Articulatory conflict resolution strategies among L1 and L2 SENCOTEN speakers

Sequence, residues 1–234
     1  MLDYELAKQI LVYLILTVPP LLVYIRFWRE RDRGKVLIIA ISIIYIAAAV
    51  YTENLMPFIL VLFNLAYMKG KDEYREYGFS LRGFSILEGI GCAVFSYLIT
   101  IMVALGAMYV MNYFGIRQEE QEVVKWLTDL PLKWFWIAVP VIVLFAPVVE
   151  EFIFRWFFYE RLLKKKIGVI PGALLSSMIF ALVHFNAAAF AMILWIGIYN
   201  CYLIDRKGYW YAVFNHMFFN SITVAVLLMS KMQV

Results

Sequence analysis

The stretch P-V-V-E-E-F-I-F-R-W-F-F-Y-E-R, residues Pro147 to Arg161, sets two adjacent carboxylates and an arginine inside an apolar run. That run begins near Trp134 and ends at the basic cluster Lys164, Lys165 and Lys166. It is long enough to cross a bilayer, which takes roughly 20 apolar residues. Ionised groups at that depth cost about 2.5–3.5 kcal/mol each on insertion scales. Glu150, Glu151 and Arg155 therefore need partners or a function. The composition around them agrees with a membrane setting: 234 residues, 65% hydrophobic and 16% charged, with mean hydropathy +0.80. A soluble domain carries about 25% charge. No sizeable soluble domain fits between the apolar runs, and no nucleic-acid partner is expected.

This paper documents variation in the strategies used by SENCOTEN speakers of different generations and fluency levels to overcome articulatory conflicts, i.e., sequences of sounds that are difficult to pronounce because they require conflicting configurations of the articulators (Gick & Wilson, 2006). Previous work on SENCOTEN /qi/ and /iq/ sequences (Bird & Leonard, 2006; Bird, 2012) is based on two fluent L1 speakers, and shows that three main strategies are used: 1) compromise of the vowel (/iq/ > [Iq]); 2) insertion of a transitional element, often a fricative (/iq/ > [ixq]); and 3) dynamic tongue movement during the /q/ closure (/iq/ > [ikq]). Crucially, all of these strategies maintain some acoustic evidence of the uvular /q/ closure. One of the concerns among the SENCOTEN-speaking community is that the velar~uvular contrast is being lost in younger (L2) speakers (Bird & Kell, 2015). If this is the case, it is likely that articulatory conflict resolution strategies would reflect this, for example /iq/ > [ik]. To explore this possibility, a phonetic study was conducted on two specific sequences: /iq/ and /sq/; both of these require moving quickly between a high, advanced tongue position and a (relatively low) retracted position. Target words containing these sequences (e.g. /sqaxe7 ‘dog’; /st’iqel/ ‘bog’) were recorded by 12 speakers varying in generation and fluency level. Preliminary results show that (younger) L2 speakers do indeed tend to pronounce /q/ as [k] in these sequences, whereas their elders (L1 speakers) use a variety of strategies that, for the most part, maintain /q/. Findings offer insight into the strategies used to ease pronunciation among L2 learners, and also give us valuable direction in terms of teaching and learning SENCOTEN.
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